4 . 13 Reasons Why (Premiered March 31):
As aware as I am that even mentioning this show opens a whole can of worms, I still can’t make this list without adding it. It did many good things for mental health representation, but it also failed in spectacular ways. Even though it was used in the Jay Asher book this show was based on, the pseudo-revenge plotline can create an unhealthy fantasy in a suicidal person. But my main problem with the show is how they handled Hannah as a whole. She’s a consequence rather than a character. While her story was tragic, I feel like I don’t know much about her. Showing her as a full-fledged character would’ve had more impact than only seeing her at her worst. It also never explores her depression and how that played into her decision to kill herself. All the blame is laid on bullying. Even though it’s part of the issue, it’s not the whole. Another problem I had was how the teenage characters spoke. I like that they were all unlikable, each somewhat culpable in Hannah’s declining mental state and eventual suicide. But the way they were sometimes written reeked of adults who don’t know how teenage lingo works (see the FML scenes). And then, of course, I hate the whole implication surrounding Clay. This issue comes twofold: how he was made to seem innocent and how the show tells us he could’ve saved her. I hate that Clay was only on the tapes as a sort of apology from Hannah. Clay represents the average bystander. He is the majority of the school population; he didn’t bully Hannah, but he believed what was being said about her and never stepped in to help. Even when Hannah tries to tell him how she feels, he minimizes and belittles her pain. Hell, he even slutshames her at some point. So no, he is not blameless in this. He is all of us when we see someone being bullied and do nothing, when we hear a rumor and believe it without question. Additionally, even though the scene is in Clay’s imagination, Hannah explicitly tells Clay that he could’ve saved her if he’d loved her enough. That’s not how mental illness works! At no point in this show is this notion contradicted, cementing the off-base message. As well-acted and heartstring-pulling this show is, it still didn’t do all I had hoped it would do. And those are three reasons why.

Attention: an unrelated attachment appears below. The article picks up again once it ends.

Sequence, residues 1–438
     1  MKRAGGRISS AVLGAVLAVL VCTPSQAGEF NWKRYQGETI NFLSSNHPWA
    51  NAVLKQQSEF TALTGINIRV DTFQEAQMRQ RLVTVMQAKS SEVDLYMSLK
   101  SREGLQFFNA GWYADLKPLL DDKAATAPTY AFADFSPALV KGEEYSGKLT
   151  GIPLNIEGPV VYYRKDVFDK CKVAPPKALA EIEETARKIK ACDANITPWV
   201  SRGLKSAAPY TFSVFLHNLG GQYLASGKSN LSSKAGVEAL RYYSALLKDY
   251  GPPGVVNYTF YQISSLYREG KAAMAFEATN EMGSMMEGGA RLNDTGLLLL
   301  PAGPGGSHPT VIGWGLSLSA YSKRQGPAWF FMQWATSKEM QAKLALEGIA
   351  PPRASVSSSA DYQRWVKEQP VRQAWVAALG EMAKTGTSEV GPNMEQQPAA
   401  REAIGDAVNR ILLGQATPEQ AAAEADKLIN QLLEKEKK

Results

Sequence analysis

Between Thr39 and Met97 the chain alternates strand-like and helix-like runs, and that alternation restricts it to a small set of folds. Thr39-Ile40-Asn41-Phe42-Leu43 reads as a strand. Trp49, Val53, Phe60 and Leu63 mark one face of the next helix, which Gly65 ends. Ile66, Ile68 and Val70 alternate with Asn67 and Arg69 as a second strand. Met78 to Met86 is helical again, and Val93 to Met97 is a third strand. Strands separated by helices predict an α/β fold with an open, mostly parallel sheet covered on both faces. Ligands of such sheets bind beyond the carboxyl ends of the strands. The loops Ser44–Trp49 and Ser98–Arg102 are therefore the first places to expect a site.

5. Me, Myself, and I (Premiered September 25):
I went into this show knowing nothing about it, except that Bobby Moynihan was the star. I loved him on— speak of the devil— Saturday Night Live and so I desperately wanted to love his new sitcom. The thing is, it’s not so much a sitcom as it is a lighthearted coming-of-age story. But at three different ages. You see, Bobby’s character has three storylines: one when he’s a child, one when he’s middle-aged, and one when he’s an old man. And it’s… fine. It’s just okay. Maybe it’s my fault for not looking into what the show was about before watching it, but I just didn’t care for it. It’s a cute idea, but an average result. And, unfortunately, no version of Bobby could save this show for me.
Do you agree with any of my selections? What shows disappointed you this year? Tell me about them in the comments!